Sunday, November 17, 2013

The End of the World...

33rd week of OT year C 2013:
I was away from the office most of this week on retreat.  It was a nice time of prayer and reflection.  I had a chance to pray a bit over these readings today.  Jesus sends us a dire warning about the end of the world: not a stone will be left standing.  Then when I get back from retreat, what did I see but that part of the steeple had fallen off.  I thought that perhaps the end of the world was upon us!  But, fear not, we will fix the steeple.
Still, the end of the world is upon us.  Whether it comes today or in 10,000 years, we are called to be ready for the coming of Christ.  Every week when we gather here for Mass we pray our creed that states that Christ will come again.  But, it can be quite easy for us to get a bit complacent and relaxed.  Sure, Jesus is coming again, but it’s been 2000 years, I doubt it will be today…
This is why the readings of the Mass always turn toward the end times during the last several weeks before Advent begins.  Built into our church year is a yearly reminder that we do indeed await the end of the world.  That this current world is passing away, that our hope has to be placed on Christ.  For Christians, the end of the world should not instill fear or anxiety, but joy and hope for we know that the end of this world means the coming of the new world.
Still, just thinking about the end of the world probably makes us nervous.  And, just think of some of the things Jesus mentions about the end of the world: natural disasters, we just had the horrible typhoon in the Philippines; persecutions, the US bishops just put out a statement detailing how the HHS mandate for contraception and abortion coverage is a blatant attack on our religious liberty; nations against nations: we only have to turn on the news to hear about violence, war, oppression.  Yes, indeed, things can look quite bleak.
This is why our readings today are so important.  Of course things look bleak in this world, this world is passing away.  If we put our hopes in this world we will be sorely disappointed, but we put our hope in something else.  In fact, we put our hope in someone else.  Jesus Christ is the son of God, in him we put our hope and our trust.  So in the midst of the turmoil, violence, persecution, and disasters of this world, we turn to Christ.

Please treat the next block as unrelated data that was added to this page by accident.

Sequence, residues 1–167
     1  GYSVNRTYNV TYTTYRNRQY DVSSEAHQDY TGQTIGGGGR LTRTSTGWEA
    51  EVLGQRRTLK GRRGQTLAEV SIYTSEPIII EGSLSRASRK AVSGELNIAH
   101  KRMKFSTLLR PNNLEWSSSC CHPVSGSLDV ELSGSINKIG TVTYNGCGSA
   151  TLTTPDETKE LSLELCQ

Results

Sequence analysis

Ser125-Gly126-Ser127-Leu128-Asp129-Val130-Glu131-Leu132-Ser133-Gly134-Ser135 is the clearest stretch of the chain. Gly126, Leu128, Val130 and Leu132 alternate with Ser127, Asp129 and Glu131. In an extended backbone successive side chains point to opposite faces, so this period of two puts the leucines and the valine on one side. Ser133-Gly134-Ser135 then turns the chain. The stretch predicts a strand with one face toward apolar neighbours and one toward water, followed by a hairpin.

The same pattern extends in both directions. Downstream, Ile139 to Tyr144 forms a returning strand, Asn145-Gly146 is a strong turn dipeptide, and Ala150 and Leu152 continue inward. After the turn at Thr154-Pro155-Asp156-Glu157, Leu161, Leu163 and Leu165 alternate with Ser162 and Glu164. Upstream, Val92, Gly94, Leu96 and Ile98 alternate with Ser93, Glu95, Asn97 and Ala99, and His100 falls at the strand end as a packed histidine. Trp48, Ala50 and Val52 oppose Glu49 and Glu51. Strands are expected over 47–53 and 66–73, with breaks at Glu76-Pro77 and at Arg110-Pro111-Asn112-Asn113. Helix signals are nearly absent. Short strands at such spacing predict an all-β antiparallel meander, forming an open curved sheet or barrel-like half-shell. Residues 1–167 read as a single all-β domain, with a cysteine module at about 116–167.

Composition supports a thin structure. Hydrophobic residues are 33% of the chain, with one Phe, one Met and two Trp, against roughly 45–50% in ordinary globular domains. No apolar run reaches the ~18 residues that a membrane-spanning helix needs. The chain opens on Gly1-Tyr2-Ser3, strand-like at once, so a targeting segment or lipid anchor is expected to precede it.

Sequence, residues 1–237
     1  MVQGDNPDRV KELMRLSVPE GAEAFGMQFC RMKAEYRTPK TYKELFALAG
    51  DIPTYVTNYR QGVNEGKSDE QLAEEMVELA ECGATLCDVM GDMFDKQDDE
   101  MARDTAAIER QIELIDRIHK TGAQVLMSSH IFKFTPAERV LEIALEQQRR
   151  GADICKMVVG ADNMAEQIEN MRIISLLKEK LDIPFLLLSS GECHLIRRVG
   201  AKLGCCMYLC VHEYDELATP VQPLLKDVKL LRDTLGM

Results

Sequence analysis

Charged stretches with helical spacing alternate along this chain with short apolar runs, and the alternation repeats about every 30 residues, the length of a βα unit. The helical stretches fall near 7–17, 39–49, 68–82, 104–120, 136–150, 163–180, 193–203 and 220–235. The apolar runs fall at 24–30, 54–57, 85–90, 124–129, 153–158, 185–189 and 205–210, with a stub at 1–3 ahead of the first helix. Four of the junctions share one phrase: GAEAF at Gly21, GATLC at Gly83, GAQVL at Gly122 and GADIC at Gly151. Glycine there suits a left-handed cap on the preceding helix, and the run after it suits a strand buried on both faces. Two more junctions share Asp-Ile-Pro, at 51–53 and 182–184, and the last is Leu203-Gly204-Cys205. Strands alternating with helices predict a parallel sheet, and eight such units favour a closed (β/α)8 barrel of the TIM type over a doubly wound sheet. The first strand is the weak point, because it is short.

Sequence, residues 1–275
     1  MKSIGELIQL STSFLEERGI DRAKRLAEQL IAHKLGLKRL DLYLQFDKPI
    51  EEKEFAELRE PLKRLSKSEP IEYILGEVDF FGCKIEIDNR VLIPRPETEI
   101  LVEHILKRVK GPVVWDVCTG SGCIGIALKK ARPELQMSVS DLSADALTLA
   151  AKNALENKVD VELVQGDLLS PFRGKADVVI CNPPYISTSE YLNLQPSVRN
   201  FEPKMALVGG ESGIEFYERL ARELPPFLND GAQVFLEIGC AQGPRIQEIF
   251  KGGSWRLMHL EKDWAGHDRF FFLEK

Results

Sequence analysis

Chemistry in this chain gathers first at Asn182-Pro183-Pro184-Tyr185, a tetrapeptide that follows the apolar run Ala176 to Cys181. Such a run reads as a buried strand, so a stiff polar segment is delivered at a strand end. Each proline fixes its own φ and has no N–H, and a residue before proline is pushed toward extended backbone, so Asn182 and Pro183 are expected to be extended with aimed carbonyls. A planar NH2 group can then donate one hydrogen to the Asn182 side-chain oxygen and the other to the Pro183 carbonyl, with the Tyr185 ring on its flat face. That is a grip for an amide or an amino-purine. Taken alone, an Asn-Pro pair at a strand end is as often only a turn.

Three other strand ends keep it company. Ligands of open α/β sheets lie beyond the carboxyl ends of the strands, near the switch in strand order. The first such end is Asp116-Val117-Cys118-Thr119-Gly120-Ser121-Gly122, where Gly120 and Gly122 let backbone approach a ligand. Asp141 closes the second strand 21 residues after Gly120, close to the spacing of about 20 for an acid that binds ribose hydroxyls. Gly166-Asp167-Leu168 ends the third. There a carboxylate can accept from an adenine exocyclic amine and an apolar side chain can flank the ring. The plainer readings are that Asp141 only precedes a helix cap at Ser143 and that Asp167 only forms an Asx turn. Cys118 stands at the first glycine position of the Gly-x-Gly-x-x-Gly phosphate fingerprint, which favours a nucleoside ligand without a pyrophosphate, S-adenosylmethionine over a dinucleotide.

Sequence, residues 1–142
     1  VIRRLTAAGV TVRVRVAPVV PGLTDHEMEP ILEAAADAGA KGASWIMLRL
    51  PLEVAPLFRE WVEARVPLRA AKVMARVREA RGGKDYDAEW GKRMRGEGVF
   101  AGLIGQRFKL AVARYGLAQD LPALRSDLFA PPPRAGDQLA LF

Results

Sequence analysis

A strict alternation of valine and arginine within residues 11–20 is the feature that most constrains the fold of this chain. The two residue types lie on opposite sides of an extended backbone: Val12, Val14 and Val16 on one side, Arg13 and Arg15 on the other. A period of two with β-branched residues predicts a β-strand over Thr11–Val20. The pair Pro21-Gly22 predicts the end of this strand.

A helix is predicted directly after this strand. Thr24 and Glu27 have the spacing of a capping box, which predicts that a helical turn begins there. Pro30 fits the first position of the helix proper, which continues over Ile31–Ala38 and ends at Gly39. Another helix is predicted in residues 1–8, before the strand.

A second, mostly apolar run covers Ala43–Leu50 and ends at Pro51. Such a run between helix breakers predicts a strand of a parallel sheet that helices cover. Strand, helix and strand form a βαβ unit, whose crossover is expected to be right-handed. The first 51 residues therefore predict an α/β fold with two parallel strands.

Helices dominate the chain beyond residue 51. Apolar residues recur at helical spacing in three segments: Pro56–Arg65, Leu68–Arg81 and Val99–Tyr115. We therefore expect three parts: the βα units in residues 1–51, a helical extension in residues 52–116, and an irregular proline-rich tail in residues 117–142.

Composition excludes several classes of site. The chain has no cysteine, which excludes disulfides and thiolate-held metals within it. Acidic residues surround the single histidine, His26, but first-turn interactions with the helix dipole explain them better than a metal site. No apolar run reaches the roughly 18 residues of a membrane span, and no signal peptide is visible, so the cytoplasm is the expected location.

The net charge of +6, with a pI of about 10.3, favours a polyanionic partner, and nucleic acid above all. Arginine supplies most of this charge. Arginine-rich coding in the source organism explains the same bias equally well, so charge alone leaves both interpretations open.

Today in the gospel Jesus outlines all the many tragedies and all the violence and turmoil that will come before the end, but along the way he gives us three very interesting commands if you listen carefully.  First, he says do not be deceived by many false witnesses.  Second, do not be terrified.  Third, he says remember.
First, do not be deceived.  Don’t go crazy looking for the end times. You might see shows on TV about the end times, or hear scary stories about the end times.  Do not be deceived, stick with Christ.  Everything else causes anxiety and stress, but if we listen to Christ we will have peace.
Second, do not be terrified.  Jesus knows that thinking about the end of the world is frightening, this is why he gives us this command.  Is this an easy command?  No, this is why we need to foster a deep relationship with Christ.  He will give us the strength not to be terrified in the presence of whatever we have to face in life.

Lastly, Jesus says remember.  We have to remember the good news.  The end time is not about the turmoil that will happen.  It is not about earthquakes and floods.  The end time is about the resurrection.  It is about the kingdom of God, where justice will reign for all eternity.  This is why St. Paul tells us to work quietly.  For while the end of the world may indeed be upon us, we remember the good news and we keep following Jesus without fear. 

1 comment:

  1. JMJ

    Dear Father,

    It certainly is a JOY to AWAIT the COMING of CHRIST!

    The Glory that is to come only prefigures a GREATER DESIRE for us to ever more know that the trials that are permitted by the Hand of our Eternal Father are a GRACE towards a PERFECTION of the SONS OF GOD~!

    In Mary,
    Meryl

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